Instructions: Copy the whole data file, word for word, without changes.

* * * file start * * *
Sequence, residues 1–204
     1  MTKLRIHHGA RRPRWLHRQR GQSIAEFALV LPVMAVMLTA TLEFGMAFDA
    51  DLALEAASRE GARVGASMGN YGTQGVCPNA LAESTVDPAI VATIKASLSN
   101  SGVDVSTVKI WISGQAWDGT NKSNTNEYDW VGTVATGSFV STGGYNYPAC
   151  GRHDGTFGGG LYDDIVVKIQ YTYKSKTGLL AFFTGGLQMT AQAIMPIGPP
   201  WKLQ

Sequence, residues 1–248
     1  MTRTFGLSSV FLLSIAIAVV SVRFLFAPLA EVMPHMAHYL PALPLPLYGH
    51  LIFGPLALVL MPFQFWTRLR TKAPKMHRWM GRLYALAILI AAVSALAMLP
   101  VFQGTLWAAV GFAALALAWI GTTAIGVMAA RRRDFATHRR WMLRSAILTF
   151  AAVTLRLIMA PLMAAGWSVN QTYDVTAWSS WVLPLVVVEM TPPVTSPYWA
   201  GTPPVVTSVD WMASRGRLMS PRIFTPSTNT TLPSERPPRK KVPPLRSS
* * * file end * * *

Sequence, residues 1–204
     1  MTKLRIHHGA RRPRWLHRQR GQSIAEFALV LPVMAVMLTA TLEFGMAFDA
    51  DLALEAASRE GARVGASMGN YGTQGVCPNA LAESTVDPAI VATIKASLSN
   101  SGVDVSTVKI WISGQAWDGT NKSNTNEYDW VGTVATGSFV STGGYNYPAC
   151  GRHDGTFGGG LYDDIVVKIQ YTYKSKTGLL AFFTGGLQMT AQAIMPIGPP
   201  WKLQ

Sequence, residues 1–248
     1  MTRTFGLSSV FLLSIAIAVV SVRFLFAPLA EVMPHMAHYL PALPLPLYGH
    51  LIFGPLALVL MPFQFWTRLR TKAPKMHRWM GRLYALAILI AAVSALAMLP
   101  VFQGTLWAAV GFAALALAWI GTTAIGVMAA RRRDFATHRR WMLRSAILTF
   151  AAVTLRLIMA PLMAAGWSVN QTYDVTAWSS WVLPLVVVEM TPPVTSPYWA
   201  GTPPVVTSVD WMASRGRLMS PRIFTPSTNT TLPSERPPRK KVPPLRSS